Trans Mountain pipeline expansion work near Jasper Alberta

Long list of conditions for Trans Mountain approval

Kinder Morgan says 145 conditions on wildlife, ocean impact, earthquake and other hazards is "rigorous but achievable"

The National Energy Board has released a draft list of 145 conditions for approval of Kinder Morgan Canada’s oil pipeline expansion project, including environmental protection plans for land and marine operations.

Conditions include the possibility of dredging for the expansion of the Westridge Marine Terminal in Burnaby, where the original Trans Mountain pipeline has delivered crude oil and refined products since 1953.

Kinder Morgan is proposing to twin the line to ramp up shipments of diluted bitumen from northern Alberta that began intermittently in the late 1980s. The $5.4 billion expansion project would nearly triple the line’s capacity to 890,000 barrels per day, resulting in a seven-fold increase in oil tankers entering and leaving Vancouver harbour.

Kinder Morgan Canada president Ian Anderson said Thursday the company will be seeking clarification on the timing of some of the conditions, and will file its comments to the NEB review panel Aug. 20. Most major conditions, including plans for watercourse crossings along the route, are to be filed at least 90 days before construction begins.

“Our initial review of the draft conditions is that they are rigorous but achievable,” Anderson said.

NEB hearings are to resume Aug. 24, where the B.C. government is expected to formalize its position, based on Premier Christy Clark’s five conditions for new heavy oil pipelines. They include a “world-class” spill response capability on land and sea, approval and benefit sharing by affected First Nations, and a still-undefined “fair share” of benefits for the province.

Those conditions were included in B.C.’s position opposing the Enbridge Northern Gateway project, which the federal government approved with its own list of more than 200 conditions. The province does not have authority to veto either pipeline project, as each would run from Alberta to B.C.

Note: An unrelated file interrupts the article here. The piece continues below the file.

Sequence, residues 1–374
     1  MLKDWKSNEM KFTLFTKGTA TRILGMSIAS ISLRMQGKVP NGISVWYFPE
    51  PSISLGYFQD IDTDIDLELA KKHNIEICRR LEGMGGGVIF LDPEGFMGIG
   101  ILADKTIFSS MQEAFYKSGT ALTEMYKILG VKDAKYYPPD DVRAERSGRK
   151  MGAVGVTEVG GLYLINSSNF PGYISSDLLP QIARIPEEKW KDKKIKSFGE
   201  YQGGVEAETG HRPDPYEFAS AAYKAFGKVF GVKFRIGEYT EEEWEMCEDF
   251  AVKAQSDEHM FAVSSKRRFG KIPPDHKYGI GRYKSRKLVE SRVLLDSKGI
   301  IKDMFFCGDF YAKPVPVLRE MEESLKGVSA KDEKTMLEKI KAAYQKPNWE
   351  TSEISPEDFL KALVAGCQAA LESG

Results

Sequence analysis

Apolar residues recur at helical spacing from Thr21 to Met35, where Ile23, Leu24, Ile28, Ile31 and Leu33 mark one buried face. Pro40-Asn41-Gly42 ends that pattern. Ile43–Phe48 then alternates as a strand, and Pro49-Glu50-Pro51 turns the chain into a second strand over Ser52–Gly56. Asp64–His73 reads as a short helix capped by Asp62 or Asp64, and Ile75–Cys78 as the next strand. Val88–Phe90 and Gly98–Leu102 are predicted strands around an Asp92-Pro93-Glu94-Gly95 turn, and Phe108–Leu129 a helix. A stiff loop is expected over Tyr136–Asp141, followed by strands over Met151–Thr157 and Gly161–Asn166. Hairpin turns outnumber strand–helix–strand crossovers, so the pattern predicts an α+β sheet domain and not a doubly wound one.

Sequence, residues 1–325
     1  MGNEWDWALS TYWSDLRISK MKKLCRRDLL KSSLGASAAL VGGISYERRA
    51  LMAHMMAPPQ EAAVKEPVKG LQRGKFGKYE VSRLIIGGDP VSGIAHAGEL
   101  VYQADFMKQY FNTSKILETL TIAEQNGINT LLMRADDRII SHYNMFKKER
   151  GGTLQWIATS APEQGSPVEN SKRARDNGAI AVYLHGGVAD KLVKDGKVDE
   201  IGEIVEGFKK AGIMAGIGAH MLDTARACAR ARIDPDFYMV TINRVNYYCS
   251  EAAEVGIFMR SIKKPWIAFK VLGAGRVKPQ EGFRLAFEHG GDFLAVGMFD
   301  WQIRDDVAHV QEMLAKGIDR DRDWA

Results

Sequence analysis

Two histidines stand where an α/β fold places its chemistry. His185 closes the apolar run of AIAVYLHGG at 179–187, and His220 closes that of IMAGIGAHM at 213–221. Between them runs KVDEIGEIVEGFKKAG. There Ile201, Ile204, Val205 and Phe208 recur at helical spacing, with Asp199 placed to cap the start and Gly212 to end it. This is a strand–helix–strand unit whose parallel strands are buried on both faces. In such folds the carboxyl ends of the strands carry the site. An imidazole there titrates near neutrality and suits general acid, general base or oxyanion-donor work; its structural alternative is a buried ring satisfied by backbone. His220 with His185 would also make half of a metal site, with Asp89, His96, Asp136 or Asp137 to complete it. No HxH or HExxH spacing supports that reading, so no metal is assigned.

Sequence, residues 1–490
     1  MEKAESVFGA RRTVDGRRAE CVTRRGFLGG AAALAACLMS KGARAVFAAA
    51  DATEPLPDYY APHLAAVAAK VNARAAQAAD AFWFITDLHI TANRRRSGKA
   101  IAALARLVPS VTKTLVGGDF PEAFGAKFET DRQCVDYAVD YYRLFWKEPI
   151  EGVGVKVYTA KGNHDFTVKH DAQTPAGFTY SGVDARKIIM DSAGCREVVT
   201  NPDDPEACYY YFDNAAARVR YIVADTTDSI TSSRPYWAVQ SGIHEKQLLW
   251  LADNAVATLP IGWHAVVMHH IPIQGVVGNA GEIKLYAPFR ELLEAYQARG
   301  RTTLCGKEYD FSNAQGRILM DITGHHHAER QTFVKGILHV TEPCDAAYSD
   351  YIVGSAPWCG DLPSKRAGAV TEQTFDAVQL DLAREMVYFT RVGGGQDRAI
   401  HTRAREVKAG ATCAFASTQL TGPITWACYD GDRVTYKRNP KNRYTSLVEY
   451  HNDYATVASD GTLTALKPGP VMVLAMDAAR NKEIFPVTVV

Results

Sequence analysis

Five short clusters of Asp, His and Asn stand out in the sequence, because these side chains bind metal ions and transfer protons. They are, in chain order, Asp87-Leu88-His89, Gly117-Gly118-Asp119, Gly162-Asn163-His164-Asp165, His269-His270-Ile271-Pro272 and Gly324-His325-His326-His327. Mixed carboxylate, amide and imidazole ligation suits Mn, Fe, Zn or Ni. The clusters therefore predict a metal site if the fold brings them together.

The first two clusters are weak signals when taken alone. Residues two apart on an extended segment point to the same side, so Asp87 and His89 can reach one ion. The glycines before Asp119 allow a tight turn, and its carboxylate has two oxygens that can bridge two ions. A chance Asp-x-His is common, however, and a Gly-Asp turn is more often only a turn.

Draft conditions for Trans Mountain include identification of all sites on the proposed second line affected by earthquake, including the “Holocene for Sumas Fault, Vedder Mountain Fault, Fraser River-Straight Creek Fault and Rocky Mountain Trench, as well as other possible hidden faults.”

Conditions also include submitting records of landowner consultation on the route, and a plan for aboriginal participation in monitoring construction.

 

Just Posted

Library month celebrates Indigenous people, culture in Parksville

Vancouver Island Regional Library showcasing culture of many Nations during October

Pole-climbing thieves pilfering wire in Parksville Qualicum Beach area

Repairs are costly and thefts jeopardize public safety

Green Party leader Elizabeth May talks eliminating fish farming in open ocean pens

May stops in Qualicum Beach as part of Island campaign

Qualicum Beach council discusses helping out Orca Place residents

Town considers offer of temporary jobs in the future

Winter preparation underway for mid-Island highways

Drivers reminded to ready vehicles for changing conditions

Scheer, Trudeau, Singh haggle over potential minority government outcome

If you believe the polls, it appears the Liberals and Conservatives are neck-and-neck

Kawhi Leonard, former Toronto Raptor, welcomed back to Vancouver at pre-season game

Fans go wild at pre-season game between L.A. Clippers and Dallas Mavericks at Rogers Arena

Greens and NDP go head to head on West Coast; Scheer takes fight to Bernier

Trudeau turns focus to key ridings outside Toronto after two days in Quebec

Scooter rider suffers life-threatening injuries in crash in Nanaimo

One person airlifted to hospital in Victoria after collision on Wall Street on Thursday

Campbell River homicide suspects arrested in Vancouver

Two men remain in custody, but have not been charged

Canucks beat Stanley Cup champs 4-3 in a shootout

Leivo nets winner, Vancouver dumps St. Louis for fourth straight win

Scholars say religious vaccine objections can’t be traced to Biblical sources

Vaccinations are a requirement to attend class in Ontario and New Brunswick, while B.C. launched a demand this fall

‘The more you test, the more you find’: Beef recalls a sign of success, experts say

Despite appearances, experts say a recent rise in major recalls is not a sign of food supply problems

ELECTION 2019: How would the major parties address Canada’s housing crisis?

Promises include speculation taxes, more affordable housing, and declaring housing a human right

Most Read